The Expanded Family Life Cycle: Individual, Family, and Social Perspectives (An Allyn & Bacon Classics Edition) (with MyHelpingLab) (3rd Edition) 3rd Edition

23 customer reviews
ISBN-13: 978-0205488292
ISBN-10: 0205488293
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Editorial Reviews

From the Back Cover

The Classics Edition of The Expanded Family Life Cycle, with a new foreword by Donald Bloch, continues to provide "a new and more comprehensive way to think about human development and the life cycle," reflecting society's shift away from the nuclear family toward a more diverse and inclusive definition of family. Theory and research are integrated with clinical guidelines and cases by two of the most respected authors, teachers, and clinicians in the field of family therapy–Betty Carter and Monica McGoldrick.

 

“This text is a classic in the field of family psychology and family therapy. It provides a framework in which current family life cycle stressors, family intergenerational history, and current sociocultural factors are beautifully integrated and applied to an understanding of family functioning. Further, it is one of the few texts I know that can span undergraduate and graduate education, providing information relevant for both beginning and more advanced students. The information is presented clearly and is written by experienced clinicians who supply lots of clinical cases to exemplify the points they are trying to make, resulting in absorbing reading. I have been using this text for the past ten years or so, and plan to use it indefinitely.”
Leslie Brody, Boston University

 

“The text's primary theme is diversity. The contents cover a broad range of topics from Latino family life cycle to gay and lesbian life cycle. Issues such as death, migration, violence, and gender add to the breadth and interest of this text and it position it to be useful to many....The text is easy to understand and engaging,...is written with clarity and an excellent balance between knowledge and application. The case illustrations throughout the book are helpful in providing an illustration of the concepts and holding the interest of the reader.”
Kathleen Briggs, Oklahoma State University

 

“The text is well written, which makes it a pleasure to read. I find the use of metaphors and analogies very effective....The Adam and Eve reference in the conclusion of chapter one is a favorite quote of mine regarding the timelessness of family violence....The chapter on self in context is particularly valuable. It introduces some key concepts regarding developmental and social issues relevant to gay and lesbian youth that continue throughout the text....The Carter and McGoldrick text is a valuable component of students' foundation studies related to family issues.”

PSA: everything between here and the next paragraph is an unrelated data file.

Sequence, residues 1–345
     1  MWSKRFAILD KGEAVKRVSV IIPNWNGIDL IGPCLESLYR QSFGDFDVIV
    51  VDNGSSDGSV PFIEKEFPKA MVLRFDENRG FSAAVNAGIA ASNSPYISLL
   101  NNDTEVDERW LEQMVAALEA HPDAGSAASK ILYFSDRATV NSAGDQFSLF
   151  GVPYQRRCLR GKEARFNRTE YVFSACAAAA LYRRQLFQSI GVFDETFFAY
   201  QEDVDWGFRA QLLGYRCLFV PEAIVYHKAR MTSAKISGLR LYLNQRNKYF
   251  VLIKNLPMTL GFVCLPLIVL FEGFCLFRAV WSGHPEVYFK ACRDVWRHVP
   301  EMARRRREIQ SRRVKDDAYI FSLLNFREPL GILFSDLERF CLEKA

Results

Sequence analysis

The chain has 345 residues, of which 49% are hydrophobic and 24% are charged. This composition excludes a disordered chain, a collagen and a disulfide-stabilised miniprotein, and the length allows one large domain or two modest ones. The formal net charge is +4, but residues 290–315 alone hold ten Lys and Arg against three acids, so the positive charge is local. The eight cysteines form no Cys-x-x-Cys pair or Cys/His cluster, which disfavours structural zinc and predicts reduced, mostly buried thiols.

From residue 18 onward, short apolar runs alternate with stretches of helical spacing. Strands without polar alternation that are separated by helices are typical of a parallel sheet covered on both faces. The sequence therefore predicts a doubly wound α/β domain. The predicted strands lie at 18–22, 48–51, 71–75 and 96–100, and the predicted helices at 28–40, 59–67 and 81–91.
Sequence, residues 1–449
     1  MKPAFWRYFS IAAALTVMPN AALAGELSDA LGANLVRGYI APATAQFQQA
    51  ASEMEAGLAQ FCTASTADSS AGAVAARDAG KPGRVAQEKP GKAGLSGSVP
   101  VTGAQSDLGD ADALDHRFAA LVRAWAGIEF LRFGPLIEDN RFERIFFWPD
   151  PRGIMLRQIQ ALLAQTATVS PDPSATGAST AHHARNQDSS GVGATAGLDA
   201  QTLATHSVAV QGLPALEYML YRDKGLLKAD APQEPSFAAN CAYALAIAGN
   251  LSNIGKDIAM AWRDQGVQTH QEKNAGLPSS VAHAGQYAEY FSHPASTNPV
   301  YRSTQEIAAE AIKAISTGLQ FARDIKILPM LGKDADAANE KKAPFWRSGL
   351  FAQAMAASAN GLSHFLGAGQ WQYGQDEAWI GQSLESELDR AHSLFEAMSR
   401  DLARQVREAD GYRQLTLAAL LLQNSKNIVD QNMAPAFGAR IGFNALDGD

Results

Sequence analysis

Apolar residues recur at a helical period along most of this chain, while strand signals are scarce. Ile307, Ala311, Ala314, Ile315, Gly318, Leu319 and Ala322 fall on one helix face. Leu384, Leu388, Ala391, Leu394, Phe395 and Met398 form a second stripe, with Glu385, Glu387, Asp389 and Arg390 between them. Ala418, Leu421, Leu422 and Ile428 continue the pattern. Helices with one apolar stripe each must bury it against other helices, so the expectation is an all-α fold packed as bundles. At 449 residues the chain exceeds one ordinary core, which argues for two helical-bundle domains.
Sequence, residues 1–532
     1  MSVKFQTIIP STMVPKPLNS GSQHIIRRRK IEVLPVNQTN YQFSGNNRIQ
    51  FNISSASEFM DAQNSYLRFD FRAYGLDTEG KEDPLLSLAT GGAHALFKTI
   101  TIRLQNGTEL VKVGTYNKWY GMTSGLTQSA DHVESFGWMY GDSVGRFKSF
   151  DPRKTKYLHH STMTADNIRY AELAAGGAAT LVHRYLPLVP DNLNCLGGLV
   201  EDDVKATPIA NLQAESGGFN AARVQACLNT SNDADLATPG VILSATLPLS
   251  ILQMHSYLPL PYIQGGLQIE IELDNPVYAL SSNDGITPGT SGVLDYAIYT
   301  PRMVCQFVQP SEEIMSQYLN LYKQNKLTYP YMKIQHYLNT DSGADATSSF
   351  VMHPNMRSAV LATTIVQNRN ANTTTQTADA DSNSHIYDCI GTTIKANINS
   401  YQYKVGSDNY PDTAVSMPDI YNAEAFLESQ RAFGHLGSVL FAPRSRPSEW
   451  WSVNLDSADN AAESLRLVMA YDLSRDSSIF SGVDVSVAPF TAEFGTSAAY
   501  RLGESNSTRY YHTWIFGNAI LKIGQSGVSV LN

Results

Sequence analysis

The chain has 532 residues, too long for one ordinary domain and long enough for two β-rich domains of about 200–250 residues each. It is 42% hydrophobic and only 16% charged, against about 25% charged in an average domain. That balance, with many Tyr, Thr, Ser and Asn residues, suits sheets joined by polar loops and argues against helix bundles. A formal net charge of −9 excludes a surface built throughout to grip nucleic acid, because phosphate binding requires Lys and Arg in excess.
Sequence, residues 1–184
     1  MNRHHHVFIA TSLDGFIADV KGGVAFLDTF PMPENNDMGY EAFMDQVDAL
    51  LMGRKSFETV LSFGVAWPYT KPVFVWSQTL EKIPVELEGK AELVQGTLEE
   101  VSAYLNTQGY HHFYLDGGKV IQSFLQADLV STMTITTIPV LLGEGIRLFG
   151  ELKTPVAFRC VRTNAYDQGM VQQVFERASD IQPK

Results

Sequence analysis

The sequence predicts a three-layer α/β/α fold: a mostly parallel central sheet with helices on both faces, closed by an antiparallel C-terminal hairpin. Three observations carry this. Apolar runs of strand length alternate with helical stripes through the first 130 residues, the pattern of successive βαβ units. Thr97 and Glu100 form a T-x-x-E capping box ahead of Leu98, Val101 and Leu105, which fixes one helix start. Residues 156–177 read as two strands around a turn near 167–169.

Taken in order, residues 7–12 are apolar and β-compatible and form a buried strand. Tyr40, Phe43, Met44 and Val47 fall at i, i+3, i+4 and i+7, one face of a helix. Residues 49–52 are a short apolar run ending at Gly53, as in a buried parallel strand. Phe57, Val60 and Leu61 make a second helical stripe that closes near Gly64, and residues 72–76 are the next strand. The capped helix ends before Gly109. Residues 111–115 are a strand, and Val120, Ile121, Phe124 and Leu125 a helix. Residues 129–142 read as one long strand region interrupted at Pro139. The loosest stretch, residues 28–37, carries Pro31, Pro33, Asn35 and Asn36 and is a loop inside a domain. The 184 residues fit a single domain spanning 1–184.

Margarete Parrish, University of Maryland, Baltimore

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Product Details

  • Hardcover: 560 pages
  • Publisher: Allyn & Bacon; 3 edition (December 11, 2005)
  • Language: English
  • ISBN-10: 0205488293
  • ISBN-13: 978-0205488292
  • Product Dimensions: 7.1 x 1.3 x 9.5 inches
  • Shipping Weight: 2.2 pounds
  • Average Customer Review: 2.7 out of 5 stars  See all reviews (23 customer reviews)
  • Amazon Best Sellers Rank: #1,226,979 in Books (See Top 100 in Books)

More About the Author

Monica McGoldrick, M.A., M.S.W., Ph.D., is co-founder and director of the Multicultural Family Institute in Highland Park, New Jersey, and adjunct faculty at Robert Wood Johnson Medical School. Her clinical videos: Legacies of Loss and Harnessing the Power of Genograms are available at www.psychotherapy.net. Her books include Genograms: Assessment and Intervention, a book that explains the use of genogram mapping with famous examples from Sigmund Freud to the Fondas and Kennedys; The Genogram Journey: Reconnecting with Your Family, a book that discusses the importance of family connections for the general reader, using examples from Beethoven to Barack Obama; Ethnicity and Family Therapy, a book that discusses the patterns of 51 different cultural groups; The Expanded Family Life Cycle, a book that explores in readable fashion human evolution through the life cycle; Living Beyond Loss, a book about grief and unresolved mourning; and Revisioning Family Therapy: Race, Culture and Gender in Clinical Practice, a book that outlines the important socio-cultural factors influencing families in our society. She was born in Brooklyn, New York and grew up there and in Solebury Pennsylvania. Her ancestors (on the McGoldrick side came from Donegal, Ireland, and her mother's Cahalane ancestors came from West Cork. She majored in Russian Studies at Brown University, and received a masters degree in Russian Studies at Yale University, before switching to social work and family therapy, receiving her MSW and later an honorary PhD from Smith College School for Social Work.

Customer Reviews

Most Helpful Customer Reviews

78 of 93 people found the following review helpful By Anonymous on May 24, 2003
Format: Hardcover
I used this book, which came highly recommended, to teach a graduate-level course in Family Therapy. At first glance it seemed like a useful text, having earned a great deal of praise from other professors. However, the book was a disappointment to both myself and my students.
While I would not go so far as to say that the book contained no useful information, much of the book's potential utility was overshadowed by the authors' transparent political agenda. An example of good clinical advice provided by the authors was to ask wealthy families, in an initial interview, how they are using their funds to help the poor. Coming across with this overtly judgmental and clinically irrelevant question in the first interview is clearly not the way to win over a troubled family.